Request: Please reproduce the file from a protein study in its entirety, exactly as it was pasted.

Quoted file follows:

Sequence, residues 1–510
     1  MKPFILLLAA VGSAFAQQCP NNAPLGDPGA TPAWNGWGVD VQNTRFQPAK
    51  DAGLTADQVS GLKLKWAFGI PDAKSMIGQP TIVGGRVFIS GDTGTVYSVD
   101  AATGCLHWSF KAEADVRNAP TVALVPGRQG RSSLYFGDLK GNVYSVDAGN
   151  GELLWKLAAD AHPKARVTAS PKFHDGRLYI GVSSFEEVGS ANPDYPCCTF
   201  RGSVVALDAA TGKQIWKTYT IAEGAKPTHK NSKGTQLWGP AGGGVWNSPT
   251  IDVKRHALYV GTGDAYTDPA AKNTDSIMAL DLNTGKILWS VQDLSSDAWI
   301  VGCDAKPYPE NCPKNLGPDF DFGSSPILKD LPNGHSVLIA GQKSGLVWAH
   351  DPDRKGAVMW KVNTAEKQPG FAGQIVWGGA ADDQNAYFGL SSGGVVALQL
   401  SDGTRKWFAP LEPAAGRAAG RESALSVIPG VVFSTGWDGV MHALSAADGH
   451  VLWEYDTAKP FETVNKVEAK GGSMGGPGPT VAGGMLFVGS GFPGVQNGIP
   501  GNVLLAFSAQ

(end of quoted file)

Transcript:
Sequence, residues 1–510
     1  MKPFILLLAA VGSAFAQQCP NNAPLGDPGA TPAWNGWGVD VQNTRFQPAK
    51  DAGLTADQVS GLKLKWAFGI PDAKSMIGQP TIVGGRVFIS GDTGTVYSVD
   101  AATGCLHWSF KAEADVRNAP TVALVPGRQG RSSLYFGDLK GNVYSVDAGN
   151  GELLWKLAAD AHPKARVTAS PKFHDGRLYI GVSSFEEVGS ANPDYPCCTF
   201  RGSVVALDAA TGKQIWKTYT IAEGAKPTHK NSKGTQLWGP AGGGVWNSPT
   251  IDVKRHALYV GTGDAYTDPA AKNTDSIMAL DLNTGKILWS VQDLSSDAWI
   301  VGCDAKPYPE NCPKNLGPDF DFGSSPILKD LPNGHSVLIA GQKSGLVWAH
   351  DPDRKGAVMW KVNTAEKQPG FAGQIVWGGA ADDQNAYFGL SSGGVVALQL
   401  SDGTRKWFAP LEPAAGRAAG RESALSVIPG VVFSTGWDGV MHALSAADGH
   451  VLWEYDTAKP FETVNKVEAK GGSMGGPGPT VAGGMLFVGS GFPGVQNGIP
   501  GNVLLAFSAQ